What We Can Learn from New ACS Guidelines on Screening Mammography

Since 2003 the American Cancer Society (ACS) has told women repeatedly to get screened with mammograms every year starting at age 40, or younger if they are at higher risk. The society also recommended clinical breast exams (CBEs) each year for women over age 40 and periodically for women younger than that. During this year’s National Breast Cancer Awareness Month [1], however, the ACS revised its screening guidelines. Based on an independent panel review of current evidence on screening mammography [2], the 2015 recommendations are specific to women of average risk.[3]

ACS guidelines Figure

JAMA, http://jama.jamanetwork.com/article.aspx?articleid=2463258

The new protocols published in JAMA advise average-risk women to wait until age 45 to begin screening but emphasizes that women should continue to have the option to screen at age 40 (and that insurance should continue to cover it). Since the data reviewed suggest that by age 55 the reduction in the average woman’s chances of dying from breast cancer would be the same even if she skipped screens every other year, the recommendation for women 55 and older is biennial screenings.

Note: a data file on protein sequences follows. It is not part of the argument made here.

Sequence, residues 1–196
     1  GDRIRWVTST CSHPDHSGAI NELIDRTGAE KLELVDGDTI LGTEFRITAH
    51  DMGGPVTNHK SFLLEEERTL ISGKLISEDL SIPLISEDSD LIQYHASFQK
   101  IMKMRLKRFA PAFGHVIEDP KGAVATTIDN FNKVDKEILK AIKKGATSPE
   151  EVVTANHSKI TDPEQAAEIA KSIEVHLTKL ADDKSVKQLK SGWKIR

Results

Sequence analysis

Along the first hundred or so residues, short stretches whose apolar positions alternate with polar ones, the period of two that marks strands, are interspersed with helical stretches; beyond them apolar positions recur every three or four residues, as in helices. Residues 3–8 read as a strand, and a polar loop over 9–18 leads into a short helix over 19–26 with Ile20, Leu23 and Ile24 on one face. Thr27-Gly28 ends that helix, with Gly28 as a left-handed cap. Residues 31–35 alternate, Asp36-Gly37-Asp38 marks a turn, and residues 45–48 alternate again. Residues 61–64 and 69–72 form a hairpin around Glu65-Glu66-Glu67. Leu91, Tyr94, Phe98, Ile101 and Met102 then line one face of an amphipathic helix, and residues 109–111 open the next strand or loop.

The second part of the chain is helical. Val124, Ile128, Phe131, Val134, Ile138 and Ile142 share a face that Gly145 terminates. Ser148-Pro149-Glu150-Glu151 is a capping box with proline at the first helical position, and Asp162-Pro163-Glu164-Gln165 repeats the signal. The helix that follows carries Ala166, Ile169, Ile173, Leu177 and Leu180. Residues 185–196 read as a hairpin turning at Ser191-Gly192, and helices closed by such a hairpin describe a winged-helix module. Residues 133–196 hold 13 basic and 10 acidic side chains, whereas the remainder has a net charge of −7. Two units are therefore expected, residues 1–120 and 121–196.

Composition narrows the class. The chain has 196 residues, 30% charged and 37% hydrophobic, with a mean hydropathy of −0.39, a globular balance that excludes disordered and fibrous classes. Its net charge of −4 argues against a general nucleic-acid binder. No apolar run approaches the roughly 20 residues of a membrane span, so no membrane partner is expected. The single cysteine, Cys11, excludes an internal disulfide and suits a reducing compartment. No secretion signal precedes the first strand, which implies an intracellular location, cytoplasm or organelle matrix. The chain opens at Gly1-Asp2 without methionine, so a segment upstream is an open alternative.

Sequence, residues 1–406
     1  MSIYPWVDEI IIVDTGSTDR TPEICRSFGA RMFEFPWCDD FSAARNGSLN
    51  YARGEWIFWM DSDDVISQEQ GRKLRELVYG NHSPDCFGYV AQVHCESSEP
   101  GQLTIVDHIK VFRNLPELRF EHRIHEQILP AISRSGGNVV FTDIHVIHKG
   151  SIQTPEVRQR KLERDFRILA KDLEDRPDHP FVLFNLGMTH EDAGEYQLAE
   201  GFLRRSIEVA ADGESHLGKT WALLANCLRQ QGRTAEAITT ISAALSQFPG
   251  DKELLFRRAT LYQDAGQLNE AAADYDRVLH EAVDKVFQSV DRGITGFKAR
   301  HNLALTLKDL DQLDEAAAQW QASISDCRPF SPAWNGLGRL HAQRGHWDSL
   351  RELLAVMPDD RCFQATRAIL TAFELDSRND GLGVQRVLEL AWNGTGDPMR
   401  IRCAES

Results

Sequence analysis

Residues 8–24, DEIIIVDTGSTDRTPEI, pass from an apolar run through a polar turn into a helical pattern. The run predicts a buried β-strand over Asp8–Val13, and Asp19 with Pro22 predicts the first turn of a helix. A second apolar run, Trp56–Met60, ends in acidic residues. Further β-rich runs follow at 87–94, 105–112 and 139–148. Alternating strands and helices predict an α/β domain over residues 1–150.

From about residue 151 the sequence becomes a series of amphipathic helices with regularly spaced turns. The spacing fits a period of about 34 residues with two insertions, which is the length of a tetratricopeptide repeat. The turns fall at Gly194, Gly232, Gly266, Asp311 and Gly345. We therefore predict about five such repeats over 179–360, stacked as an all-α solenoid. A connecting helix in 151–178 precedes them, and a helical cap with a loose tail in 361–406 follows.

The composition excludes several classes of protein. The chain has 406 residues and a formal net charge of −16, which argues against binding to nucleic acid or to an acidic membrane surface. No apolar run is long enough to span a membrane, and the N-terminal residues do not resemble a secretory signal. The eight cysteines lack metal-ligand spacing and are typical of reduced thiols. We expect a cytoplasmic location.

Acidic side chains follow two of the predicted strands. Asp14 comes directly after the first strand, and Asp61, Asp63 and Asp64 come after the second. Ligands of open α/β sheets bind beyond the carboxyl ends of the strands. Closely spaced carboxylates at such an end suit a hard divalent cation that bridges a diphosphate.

Other ACS recommendations are based on evidence that is inferred rather than observed directly. For women ages 45 to 54, the ACS recommends annual screens based on evidence that it decreases the number of more advanced cancers detected. Unfortunately, this judgment call is based on incomplete evidence since the survival benefits for this age group are not known [4] in the studies supporting that conclusion. Likewise, for women over age 74 who are in good health and have a life expectancy of more than 10 years, ACS recommends continuing their biennial screens even though there is no evidence of a screening benefit for this age group. Though there are few known harms to doing CBE, ACS does not advise the practice for average-risk women at any age to screen for breast cancer; this too is based on incomplete evidence on benefits. Thus, ACS is not consistent in how it weighs incomplete evidence.